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Training

The Twisty Turny Road to CIM

My pursuit of marathon greatness has been a tumultuous path, to say the least. I began 2018 in an upward swing, running one PR after another in the mile, 5K, 10K, and half marathon. I had a seemingly perfect build up to the Rock ’n’ Roll San Diego Marathon in June, pictured above, only to have a bad day for what seemed like no reason at all. I shook it off and spent the remainder of the summer “playing” at running, entering just-for-fun races like the Portland vs Seattle Relay (we won!), the off-the-grid urban race Take the Bridge Portland (I got 2nd!), Ragnar Relay NW Passage (we won!), and the Dual Duel 10K on the track (I won!). I spent a nice chunk of time not running at all and road tripping around Norway, dreaming of what the next chapter might bring.

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Training

Go Fast, Take Chances: Tenacious 10 Recap

My spring racing season has been full of near misses. In February, I set a mile goal of 5:20 and crossed the line in 5:25. In March, I set out to break 38:00 in the 10K and finished in 38:07. From there, I was determined to run sub-18:00 in the Shamrock 5K (way off at 18:30), then tried again at the Carlsbad 5000 and came painstakingly close in 18:01.

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In a knee jerk reaction, I signed up for a 5K on the track in April with the plan of clicking off perfect, even splits to reach 17:59 or better. The skies were angry that day, delivering face-pelting rain and a steady 25mph wind. I finished in 18:19, but I knew the slower time wasn’t simply because of the weather, but my defeatist attitude before the race even began. I spent the cool down with my RCTC teammates Shasta and Fionna fighting back tears, and eventually stopping to ugly-cry for a few moments. I was so frustrated and disappointed in myself. As Steve Magness put it, “When stress and fatigue are at their highest, there is no faking your way through it. No putting on a facade. You don’t have enough energy or willpower to maintain a mask of how you’d like to be perceived. It’s all raw and it’s all real.”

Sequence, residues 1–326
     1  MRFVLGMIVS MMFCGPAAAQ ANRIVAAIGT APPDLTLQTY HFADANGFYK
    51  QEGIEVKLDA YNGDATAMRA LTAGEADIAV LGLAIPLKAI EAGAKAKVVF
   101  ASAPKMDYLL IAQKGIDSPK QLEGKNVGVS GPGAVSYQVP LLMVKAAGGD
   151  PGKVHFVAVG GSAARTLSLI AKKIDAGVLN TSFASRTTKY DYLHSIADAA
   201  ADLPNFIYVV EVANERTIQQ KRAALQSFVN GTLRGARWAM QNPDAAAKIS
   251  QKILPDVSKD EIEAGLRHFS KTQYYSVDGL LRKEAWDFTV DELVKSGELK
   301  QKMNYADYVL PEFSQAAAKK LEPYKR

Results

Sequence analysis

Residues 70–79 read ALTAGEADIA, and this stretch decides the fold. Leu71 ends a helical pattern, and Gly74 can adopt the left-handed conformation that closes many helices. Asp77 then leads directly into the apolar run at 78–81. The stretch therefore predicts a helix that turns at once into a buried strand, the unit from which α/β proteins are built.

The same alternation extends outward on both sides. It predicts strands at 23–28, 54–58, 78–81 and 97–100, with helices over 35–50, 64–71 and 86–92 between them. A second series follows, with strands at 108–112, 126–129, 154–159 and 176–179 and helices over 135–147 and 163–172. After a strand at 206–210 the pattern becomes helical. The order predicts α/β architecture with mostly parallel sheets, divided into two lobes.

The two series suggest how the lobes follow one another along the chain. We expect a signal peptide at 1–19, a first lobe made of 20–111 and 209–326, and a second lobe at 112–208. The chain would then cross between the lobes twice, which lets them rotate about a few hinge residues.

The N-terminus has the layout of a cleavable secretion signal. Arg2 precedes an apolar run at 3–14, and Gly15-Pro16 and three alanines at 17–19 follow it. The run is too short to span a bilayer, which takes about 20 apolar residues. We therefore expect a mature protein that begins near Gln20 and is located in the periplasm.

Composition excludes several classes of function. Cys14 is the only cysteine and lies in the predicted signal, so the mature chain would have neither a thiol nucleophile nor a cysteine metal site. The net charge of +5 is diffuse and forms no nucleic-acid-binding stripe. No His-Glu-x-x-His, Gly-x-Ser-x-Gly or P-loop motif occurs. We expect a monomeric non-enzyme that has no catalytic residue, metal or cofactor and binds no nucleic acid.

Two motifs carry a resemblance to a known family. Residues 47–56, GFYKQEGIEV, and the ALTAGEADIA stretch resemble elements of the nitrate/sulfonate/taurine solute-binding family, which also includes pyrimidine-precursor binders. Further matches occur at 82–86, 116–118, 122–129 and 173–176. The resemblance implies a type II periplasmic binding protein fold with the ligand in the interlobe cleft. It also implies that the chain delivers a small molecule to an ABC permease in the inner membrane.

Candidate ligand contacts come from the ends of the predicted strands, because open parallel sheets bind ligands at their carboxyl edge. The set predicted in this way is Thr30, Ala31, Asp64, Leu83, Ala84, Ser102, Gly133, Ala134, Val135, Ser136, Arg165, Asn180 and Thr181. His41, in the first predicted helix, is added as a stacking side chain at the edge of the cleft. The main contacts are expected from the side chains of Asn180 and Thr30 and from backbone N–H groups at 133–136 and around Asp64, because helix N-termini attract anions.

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Training

A Little Bit Closer: Carlsbad 5000 Recap

Early Saturday morning, the day before the Carlsbad 5000, I drifted in and out of sleep. I dreamt I was crossing the finish line over and over again and the giant digital clock would read 18:29, 18:30, 18:31. Each time I woke up I thought, phew, it was just a dream. See, I flew down to Carlsbad, California this weekend with a big goal of finishing under the 18 minute mark. Anything higher was quite literally my personal nightmare.

That day I visited the race expo with my friends Shasta and Alex to pick up our bib numbers and enjoy the city. The nerves I had felt the night before started to fade as we took pictures, lazed in the sun drinking smoothies, ran a course preview, took a dip in the hot tub back home, and later that night made a family dinner of spaghetti with red sauce and garlic bread.

Sunday morning, the day of the race, I had a very similar reoccurring dream, but that time the clock read 17:56, 17:57, 17:58 and I would squeak by the finish line just in time. Each time I would wake up and think, omg yes, I did it! then seconds later have the realization that I hadn’t actually accomplished anything and the task was still ahead.

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Training

Let the Dream Chase You

What if?

It’s the little question that has tugged at many minds including my own. What if I could be… a runner? What if I could be a good runner? What if I could be great? What if I could hold this pace for 26.2 miles? That sure is what I was asking myself last month, on what started as a not particularly special 16 mile training run. In the beginning I felt sluggish and apathetic, wanting to get it over with, until finding my groove about six miles in and finishing feeling like I had the world at my fingertips. Since when did I feel at ease running 6:30 miles over and over again?

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Training

Little Miss Careful

I don’t put a ton of stock in astrology, but the traits that describe my zodiac sign, a Virgo, are pretty spot on: practical, methodical, hardworking, careful, overly critical, and constantly worried about missing a detail that will be impossible to fix. I’d much rather do something simple and have it turn out perfectly than take a big risk and fall flat on my face. I think there’s something to be said about that approach- learning to do something correctly and well lays a foundation on which you can build greater strength/speed or learn a more complex and intricate skill. It’s why I like running so much, and classical piano and ballet.

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